Bill McKibben: From NIMBY to NOOPA

November 15, 2011

Bill Mckibben in Grist – writing on the Keystone decision.

Everyone from Tim DeChristopher speaking from jail to Robert Redford speaking from YouTubemade it clear that this is a more united opposition than the oil companies are used to dealing with. An opposition that takes strength from small victories, and which should be starting to worry the fossil-fuel industry just a little bit.

So I think we need a new name. Faced with projects like tar-sands oil which carry the possibility of deeply damaging the earth’s support systems, we should take to calling ourselves NOOPs: Not On Our Planet.

And if I weren’t a Methodist Sunday School teacher, I fear I’d be tempted to add an A to the end. If you’re an oil company executive willing to keep altering the chemical composition of the earth’s atmosphere, or a coal baron who thinks it’s okay to remove mountaintops, or a gas tycoon eager to pollute both water and air in search of some fracked riches — NOOPA! Find yourself a spaceship.

There is no Planet B.

25 Responses to “Bill McKibben: From NIMBY to NOOPA”


  1. […] However, unless we leave a large proportion of them in the ground (just as we decided to do with asbestos), we will be history – as may well be our ‘Goldilocks’ planet. This is the […]


  2. Martin – cut the pontificating – if we leave the oil in the ground right now millions will suffer and die. When we’ve left asbestos, some industry had to find a replacement. There’s no analogy.

    When there’ll be an oil replacement I’ll be all for it. But at this very moment halting keystone XL will do zilch to make an oil replacement materialize. If no pipe will be built, the oil will travel on trucks at some point – adding to the emissions, ironically.

    • Martin_Lack Says:

      …if we leave the oil in the ground right now millions will suffer and die…” – Warning: Reality inversion!

      We already have alternatives. Arguably, we had them 20 or 30 years ago. What our leaders have lacked is the moral courage to say “No” to the fossil fuel lobby; and make the appropriate investment decisions. Now, however, having sqandered so much valuable time, if we do not leave fossil fules in the ground, 100s of millions of people will suffer and die as a consequence of climate change.

      Existing suffering, food shortages, starvation and death are not the consequences of climate change mitigation – they are merely evidence of over-population. And before you rebut that statement, the human carrying capacity of the planet depends on the average rate of consumption of its resources. Therefore, if everyone was to be raised to the living standards of the USA, the planet could only support a vastly reduced population. Whereas, if everyone was to be reduced subsistence living, it could clearly support many more billions than we have now. The reality of the situation is somewhere in between. However, given that poor people have a legitimate right to aspire to a more comfortable existence, the time is long overdue that people in developed countries curbed their excessive consumption and profligate waste (CO2 included).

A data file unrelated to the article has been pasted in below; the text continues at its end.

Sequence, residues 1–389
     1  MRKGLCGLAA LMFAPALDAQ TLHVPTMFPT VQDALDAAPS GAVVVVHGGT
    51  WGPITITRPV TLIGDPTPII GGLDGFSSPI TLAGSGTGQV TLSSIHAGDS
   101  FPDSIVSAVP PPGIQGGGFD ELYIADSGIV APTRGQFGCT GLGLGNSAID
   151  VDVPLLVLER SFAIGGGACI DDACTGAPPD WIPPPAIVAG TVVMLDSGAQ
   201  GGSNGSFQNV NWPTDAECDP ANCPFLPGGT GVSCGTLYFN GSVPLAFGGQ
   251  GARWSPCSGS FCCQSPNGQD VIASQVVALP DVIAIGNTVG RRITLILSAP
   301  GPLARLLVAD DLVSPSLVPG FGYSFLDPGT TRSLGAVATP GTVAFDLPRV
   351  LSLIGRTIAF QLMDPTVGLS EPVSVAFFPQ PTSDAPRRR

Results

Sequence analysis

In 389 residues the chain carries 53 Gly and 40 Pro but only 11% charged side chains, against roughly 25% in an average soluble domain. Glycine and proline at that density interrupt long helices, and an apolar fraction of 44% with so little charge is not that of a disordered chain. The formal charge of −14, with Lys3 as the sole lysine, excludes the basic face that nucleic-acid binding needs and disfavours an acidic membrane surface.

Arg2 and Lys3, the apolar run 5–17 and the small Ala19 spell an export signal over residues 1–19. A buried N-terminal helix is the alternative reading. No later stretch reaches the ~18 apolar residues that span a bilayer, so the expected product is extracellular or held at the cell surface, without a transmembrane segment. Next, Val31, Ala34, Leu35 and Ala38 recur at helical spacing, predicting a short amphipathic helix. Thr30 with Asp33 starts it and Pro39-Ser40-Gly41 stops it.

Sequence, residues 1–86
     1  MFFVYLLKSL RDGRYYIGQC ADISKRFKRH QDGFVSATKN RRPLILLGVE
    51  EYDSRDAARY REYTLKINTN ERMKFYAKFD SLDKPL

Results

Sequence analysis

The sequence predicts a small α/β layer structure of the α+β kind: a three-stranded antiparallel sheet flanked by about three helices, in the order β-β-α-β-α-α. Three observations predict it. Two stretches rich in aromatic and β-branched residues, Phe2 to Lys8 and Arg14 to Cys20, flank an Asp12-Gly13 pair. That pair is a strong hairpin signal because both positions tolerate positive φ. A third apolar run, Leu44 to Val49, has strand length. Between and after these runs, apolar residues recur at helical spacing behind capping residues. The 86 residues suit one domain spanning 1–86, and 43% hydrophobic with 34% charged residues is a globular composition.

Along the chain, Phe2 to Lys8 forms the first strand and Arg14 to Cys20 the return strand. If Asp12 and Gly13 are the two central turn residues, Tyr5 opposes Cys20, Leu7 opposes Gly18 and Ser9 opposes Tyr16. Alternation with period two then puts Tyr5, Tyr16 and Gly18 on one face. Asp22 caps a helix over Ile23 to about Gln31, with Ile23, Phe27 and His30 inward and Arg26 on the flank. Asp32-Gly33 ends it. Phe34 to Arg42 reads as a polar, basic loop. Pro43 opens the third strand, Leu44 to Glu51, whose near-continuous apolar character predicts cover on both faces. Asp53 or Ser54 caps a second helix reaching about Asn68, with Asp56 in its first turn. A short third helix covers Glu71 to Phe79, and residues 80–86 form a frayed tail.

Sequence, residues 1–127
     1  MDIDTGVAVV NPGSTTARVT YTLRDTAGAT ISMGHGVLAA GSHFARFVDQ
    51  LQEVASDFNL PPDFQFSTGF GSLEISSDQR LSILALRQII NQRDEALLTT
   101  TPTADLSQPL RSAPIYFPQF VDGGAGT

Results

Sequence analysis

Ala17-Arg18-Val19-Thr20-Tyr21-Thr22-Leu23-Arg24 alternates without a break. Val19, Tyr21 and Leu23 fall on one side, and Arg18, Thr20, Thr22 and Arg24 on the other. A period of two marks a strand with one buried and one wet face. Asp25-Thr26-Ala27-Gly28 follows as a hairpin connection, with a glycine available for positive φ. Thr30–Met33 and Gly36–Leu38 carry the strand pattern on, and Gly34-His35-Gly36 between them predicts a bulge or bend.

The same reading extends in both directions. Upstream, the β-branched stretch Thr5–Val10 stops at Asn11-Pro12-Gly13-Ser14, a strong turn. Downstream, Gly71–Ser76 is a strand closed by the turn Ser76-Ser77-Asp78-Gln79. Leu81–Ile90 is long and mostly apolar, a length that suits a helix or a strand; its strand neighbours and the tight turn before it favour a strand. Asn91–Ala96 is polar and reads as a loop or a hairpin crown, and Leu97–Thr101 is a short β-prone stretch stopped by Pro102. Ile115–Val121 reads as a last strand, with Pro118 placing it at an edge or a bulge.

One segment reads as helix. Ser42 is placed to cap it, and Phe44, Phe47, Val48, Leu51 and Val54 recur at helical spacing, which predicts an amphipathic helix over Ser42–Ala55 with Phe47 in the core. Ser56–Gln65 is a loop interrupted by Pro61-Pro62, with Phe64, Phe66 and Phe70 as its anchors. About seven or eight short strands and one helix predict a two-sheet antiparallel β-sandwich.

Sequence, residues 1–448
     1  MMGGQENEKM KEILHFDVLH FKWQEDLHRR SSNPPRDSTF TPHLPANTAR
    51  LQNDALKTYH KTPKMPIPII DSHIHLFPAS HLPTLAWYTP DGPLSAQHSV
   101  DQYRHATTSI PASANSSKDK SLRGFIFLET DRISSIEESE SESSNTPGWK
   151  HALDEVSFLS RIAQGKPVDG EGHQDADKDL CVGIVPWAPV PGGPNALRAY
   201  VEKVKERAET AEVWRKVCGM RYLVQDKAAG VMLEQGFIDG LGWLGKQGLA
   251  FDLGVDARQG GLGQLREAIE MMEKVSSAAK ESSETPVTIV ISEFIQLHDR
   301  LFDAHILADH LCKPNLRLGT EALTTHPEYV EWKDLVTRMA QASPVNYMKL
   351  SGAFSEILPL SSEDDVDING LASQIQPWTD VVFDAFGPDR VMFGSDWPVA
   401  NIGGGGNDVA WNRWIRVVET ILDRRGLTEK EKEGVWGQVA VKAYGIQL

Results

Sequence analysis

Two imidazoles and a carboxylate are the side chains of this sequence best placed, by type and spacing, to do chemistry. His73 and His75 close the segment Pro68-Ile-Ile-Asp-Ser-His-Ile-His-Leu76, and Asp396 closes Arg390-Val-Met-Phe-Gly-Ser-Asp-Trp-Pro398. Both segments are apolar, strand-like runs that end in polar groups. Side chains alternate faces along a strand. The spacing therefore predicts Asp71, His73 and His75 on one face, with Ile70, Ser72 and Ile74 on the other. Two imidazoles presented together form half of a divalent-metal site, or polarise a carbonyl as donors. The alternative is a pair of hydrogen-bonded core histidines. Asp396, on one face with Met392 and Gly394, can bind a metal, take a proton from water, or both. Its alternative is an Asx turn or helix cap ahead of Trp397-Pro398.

Thus anthropogenic global warming is the most obvious evidence we have that we have exceeded the Earth’s current ecological carrying capacity for Homo sapiens.


  3. I was actually thinking of the OAPs not surviving a fuelless winter?

    • Martin_Lack Says:

      Well, in that case, all I can say is – Yes, investment in green technlogy will now push prices higher but this need not have been the case if we had invested for the long-term a long time ago. Unfortuntately, the fossil fuel lobby is not well-known for taking a long-term interest in anything other than maximising their profits. None of this, however, invalidates the Tragedy of the Commons or Limits to Growth points that I have made. Refusing to be the first to take a stand and do what is right can anly have one result; and it will not be good for the humans, non-humans, or the environment.

      Your only answer to all of this is, of course, to deny that the problem is real; to claim that the scale of the problem is over-stated; and/or to complain that the cost of fixing the problem is too great. Unfortunately, we already have all the palaeoclimatic data and scientific understanding to be very certain that if we wait until every last “sceptic” is silenced by incontravertable evidence of ongoing accelerating change, it may be too late (not just too expensive) to stop it.

      • greenman3610 Says:

        higher energy prices are not optional in the globalizing economy, in fact the only option to keep a lid on prices is to go renewable. No matter how you slice coal, oil, or nuclear, those options either have huge barriers initially (nuclear) or steady increasing costs over time (fossil – no matter what kind of ‘drill baby drill” approach you use)


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